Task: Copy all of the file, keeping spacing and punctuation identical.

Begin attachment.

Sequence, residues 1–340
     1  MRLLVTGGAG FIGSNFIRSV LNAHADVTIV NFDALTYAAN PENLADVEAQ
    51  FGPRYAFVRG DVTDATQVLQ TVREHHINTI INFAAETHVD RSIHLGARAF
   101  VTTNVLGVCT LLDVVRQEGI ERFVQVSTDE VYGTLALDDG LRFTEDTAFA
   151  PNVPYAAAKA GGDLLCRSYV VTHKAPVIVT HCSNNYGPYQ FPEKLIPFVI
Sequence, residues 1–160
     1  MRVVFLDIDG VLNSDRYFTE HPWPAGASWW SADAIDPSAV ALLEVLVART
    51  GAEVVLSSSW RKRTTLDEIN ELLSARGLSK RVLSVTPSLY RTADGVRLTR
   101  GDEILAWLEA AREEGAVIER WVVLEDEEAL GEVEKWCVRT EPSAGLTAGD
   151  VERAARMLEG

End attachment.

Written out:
Sequence, residues 1–340
     1  MRLLVTGGAG FIGSNFIRSV LNAHADVTIV NFDALTYAAN PENLADVEAQ
    51  FGPRYAFVRG DVTDATQVLQ TVREHHINTI INFAAETHVD RSIHLGARAF
   101  VTTNVLGVCT LLDVVRQEGI ERFVQVSTDE VYGTLALDDG LRFTEDTAFA
   151  PNVPYAAAKA GGDLLCRSYV VTHKAPVIVT HCSNNYGPYQ FPEKLIPFVI
Sequence, residues 1–160
     1  MRVVFLDIDG VLNSDRYFTE HPWPAGASWW SADAIDPSAV ALLEVLVART
    51  GAEVVLSSSW RKRTTLDEIN ELLSARGLSK RVLSVTPSLY RTADGVRLTR
   101  GDEILAWLEA AREEGAVIER WVVLEDEEAL GEVEKWCVRT EPSAGLTAGD
   151  VERAARMLEG